So now that you know how to play all these scales, I'll bet you are wondering how to make it work with the music you are playing. Maybe you've tried to play some of your scales along with your favorite song and it just doesn't sound that good. Well now it's time to learn how to determine the proper scale for a particular song or chord progression, and put all these scales to use in your regular playing. This lesson will show you how to figure out what scale will work best with whatever music you choose. Imagine knowing every note all over the neck that works perfectly with the music you are playing with, that is what this lesson is all about.
For guitarists, this will help you choose the perfect scale for soloing over anything you choose, and for bass players, this will help you choose the group of perfect notes to use with the riff your guitarist just wrote, etc. For everyone, it will mean a deeper understanding of the music. When you know every single note all over the guitar or bass neck that will work perfectly with the music, and the root note, you can phrase endlessly at will, improvising riffs and solos on the fly.
To accomplish this, we'll need to use simple deduction. If you remember your Sherlock Holmes, you'll have no problem with this. The idea is to see what notes are being used by the rhythm, and those will show you what scale the song is based on.
In order to accomplish this, you will need to be familiar with the modes and their intervals. For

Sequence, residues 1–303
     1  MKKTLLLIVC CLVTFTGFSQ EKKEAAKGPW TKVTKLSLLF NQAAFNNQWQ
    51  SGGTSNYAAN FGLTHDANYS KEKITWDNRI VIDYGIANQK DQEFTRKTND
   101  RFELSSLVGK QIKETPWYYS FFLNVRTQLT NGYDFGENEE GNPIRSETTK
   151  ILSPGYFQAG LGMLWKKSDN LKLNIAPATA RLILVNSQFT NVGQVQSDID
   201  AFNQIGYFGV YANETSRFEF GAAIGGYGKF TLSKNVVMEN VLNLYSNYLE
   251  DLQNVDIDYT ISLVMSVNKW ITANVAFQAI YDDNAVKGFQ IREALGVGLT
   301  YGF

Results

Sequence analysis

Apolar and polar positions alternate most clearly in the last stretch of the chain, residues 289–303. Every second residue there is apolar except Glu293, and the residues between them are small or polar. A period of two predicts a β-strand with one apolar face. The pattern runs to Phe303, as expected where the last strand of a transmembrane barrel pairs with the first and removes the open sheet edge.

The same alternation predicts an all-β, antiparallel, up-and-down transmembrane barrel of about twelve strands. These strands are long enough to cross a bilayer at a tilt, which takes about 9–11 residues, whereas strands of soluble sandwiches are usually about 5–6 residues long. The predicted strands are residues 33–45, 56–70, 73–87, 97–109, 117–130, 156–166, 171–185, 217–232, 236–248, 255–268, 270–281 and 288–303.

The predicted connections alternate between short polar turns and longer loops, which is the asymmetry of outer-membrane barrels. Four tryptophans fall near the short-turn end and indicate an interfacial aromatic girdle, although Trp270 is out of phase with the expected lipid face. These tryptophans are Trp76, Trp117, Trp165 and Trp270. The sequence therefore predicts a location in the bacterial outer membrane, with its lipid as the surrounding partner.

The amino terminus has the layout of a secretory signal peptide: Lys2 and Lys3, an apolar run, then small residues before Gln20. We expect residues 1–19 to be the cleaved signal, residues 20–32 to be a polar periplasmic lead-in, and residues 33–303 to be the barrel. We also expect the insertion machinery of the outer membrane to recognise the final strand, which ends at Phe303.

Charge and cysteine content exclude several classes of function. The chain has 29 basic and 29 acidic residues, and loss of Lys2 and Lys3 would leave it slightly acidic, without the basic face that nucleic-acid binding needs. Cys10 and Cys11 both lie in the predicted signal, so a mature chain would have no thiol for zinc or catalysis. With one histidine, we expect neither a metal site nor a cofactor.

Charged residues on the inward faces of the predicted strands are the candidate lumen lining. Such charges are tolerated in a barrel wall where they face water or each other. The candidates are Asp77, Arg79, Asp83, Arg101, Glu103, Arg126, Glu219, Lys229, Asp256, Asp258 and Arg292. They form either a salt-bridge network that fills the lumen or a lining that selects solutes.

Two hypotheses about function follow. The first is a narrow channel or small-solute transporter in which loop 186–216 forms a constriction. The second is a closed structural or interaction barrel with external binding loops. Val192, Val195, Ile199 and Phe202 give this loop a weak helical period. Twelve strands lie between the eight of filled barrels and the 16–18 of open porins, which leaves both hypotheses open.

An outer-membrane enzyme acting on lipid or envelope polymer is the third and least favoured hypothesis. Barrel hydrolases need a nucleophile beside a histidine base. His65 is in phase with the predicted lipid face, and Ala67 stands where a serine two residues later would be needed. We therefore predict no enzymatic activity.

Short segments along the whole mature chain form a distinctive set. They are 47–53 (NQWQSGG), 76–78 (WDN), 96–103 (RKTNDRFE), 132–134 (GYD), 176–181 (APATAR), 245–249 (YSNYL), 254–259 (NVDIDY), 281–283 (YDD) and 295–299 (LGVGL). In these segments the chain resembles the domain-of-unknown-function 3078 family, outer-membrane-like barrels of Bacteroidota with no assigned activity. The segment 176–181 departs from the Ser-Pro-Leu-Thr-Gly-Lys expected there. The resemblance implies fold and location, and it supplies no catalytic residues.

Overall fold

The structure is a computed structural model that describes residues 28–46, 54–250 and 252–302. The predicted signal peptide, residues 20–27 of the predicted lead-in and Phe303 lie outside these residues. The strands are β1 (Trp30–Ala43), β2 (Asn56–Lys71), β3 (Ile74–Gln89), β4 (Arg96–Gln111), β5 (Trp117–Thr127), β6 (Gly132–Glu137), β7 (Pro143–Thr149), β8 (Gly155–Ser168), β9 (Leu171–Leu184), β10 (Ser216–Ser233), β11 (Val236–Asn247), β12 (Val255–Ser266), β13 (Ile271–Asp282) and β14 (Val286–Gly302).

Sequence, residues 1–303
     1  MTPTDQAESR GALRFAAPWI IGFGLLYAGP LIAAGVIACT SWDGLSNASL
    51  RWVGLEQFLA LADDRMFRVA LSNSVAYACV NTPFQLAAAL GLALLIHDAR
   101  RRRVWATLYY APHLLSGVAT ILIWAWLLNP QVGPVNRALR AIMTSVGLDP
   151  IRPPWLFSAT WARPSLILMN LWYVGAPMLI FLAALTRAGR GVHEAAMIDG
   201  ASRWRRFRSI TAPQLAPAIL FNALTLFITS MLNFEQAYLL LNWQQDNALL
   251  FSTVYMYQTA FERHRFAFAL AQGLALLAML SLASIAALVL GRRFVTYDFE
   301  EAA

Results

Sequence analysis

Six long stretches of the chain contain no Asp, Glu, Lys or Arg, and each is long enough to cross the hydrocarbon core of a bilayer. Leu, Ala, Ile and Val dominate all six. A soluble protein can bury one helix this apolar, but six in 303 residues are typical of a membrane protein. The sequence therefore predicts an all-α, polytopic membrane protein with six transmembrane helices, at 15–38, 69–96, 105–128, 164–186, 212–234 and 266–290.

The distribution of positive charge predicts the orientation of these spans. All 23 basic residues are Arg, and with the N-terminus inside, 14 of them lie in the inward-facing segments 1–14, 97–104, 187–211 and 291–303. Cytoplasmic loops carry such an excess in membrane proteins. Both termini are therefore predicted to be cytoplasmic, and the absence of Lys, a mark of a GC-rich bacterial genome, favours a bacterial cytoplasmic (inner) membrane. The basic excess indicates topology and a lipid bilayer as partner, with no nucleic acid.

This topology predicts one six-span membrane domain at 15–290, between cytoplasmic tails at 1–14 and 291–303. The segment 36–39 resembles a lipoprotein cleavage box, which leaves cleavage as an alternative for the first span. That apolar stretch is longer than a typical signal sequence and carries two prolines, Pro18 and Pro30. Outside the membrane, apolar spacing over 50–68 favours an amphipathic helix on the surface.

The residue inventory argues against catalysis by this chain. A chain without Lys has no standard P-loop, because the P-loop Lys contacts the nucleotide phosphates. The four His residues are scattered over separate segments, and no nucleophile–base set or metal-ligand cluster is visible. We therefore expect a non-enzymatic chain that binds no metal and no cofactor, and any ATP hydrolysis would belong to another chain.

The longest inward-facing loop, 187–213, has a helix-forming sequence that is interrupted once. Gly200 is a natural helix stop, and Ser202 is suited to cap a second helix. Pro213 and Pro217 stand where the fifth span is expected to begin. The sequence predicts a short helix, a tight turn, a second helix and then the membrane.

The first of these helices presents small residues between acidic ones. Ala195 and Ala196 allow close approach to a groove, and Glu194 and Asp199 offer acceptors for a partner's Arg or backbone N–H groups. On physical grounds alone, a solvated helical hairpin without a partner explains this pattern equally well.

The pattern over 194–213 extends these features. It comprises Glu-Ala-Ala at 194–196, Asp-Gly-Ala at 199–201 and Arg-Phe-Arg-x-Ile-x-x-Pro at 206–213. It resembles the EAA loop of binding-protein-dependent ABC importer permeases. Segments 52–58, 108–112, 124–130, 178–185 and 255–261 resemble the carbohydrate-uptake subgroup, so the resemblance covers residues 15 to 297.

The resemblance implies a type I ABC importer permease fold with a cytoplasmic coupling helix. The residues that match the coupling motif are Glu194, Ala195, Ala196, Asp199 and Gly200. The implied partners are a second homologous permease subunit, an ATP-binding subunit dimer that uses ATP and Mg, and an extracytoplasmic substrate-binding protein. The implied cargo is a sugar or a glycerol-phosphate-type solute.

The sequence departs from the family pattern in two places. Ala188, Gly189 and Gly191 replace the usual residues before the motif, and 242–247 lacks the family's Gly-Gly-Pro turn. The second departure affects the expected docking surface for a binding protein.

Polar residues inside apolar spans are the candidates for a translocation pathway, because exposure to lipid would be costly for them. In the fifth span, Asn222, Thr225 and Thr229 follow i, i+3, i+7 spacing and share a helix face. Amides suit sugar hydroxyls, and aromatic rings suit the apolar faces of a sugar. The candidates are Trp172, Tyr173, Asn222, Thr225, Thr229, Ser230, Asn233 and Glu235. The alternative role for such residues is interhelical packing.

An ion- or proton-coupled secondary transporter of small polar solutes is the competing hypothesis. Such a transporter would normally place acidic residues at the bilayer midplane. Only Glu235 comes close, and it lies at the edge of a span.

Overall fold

The sake of keeping things simple at first, we will only analyze things using single notes, and we will assume all of the examples use one of the standard modes that we've already learned. There are other scales besides the ones we've learned so far, and most of that will be covered in the advanced section for reasons that will be explained there. For now we'll assume all of our examples are one of the modes we have already learned. We will cover chords and more advanced analyzing after learning the basic method.
The first thing you'll want to do is determine the root note. If you know the notes then you are ready to go to the next step, if not, then you must use your ear to get you started. You can do this quickly by fretting a note on the low E string while listening to a song, and sliding up or down playing each note until you find that one note that sounds better than all the rest. The root note will usually have the characteristic of being the one note that always sounds better, and works with the song almost regardless of when you play it. This is not a guaranteed science because success depends on your ear, but when you try it you should hear what I am talking about.
Once you have determined the root note of the song, you should start learning the other notes involved in the music. Again, if you know the notes used then this is not needed and you may go to the next step. If not, we'll have to go back to using our ear and searching for notes used in the rhythm. Find all of them that you can, as the more you find the easier it will be to analyze.
The next step would be to take the root note and all these notes that are used, and start to decide what it can be and what it can not be. In many cases it is easiest to first figure out what scales it can't be. If none of this makes any sense, don't worry, you will see diagrams and examples of what I am talking about in the next lesson.
Now that you know all of your notes that we need to analyze, lets go to the next lesson and see some examples of what we need to do.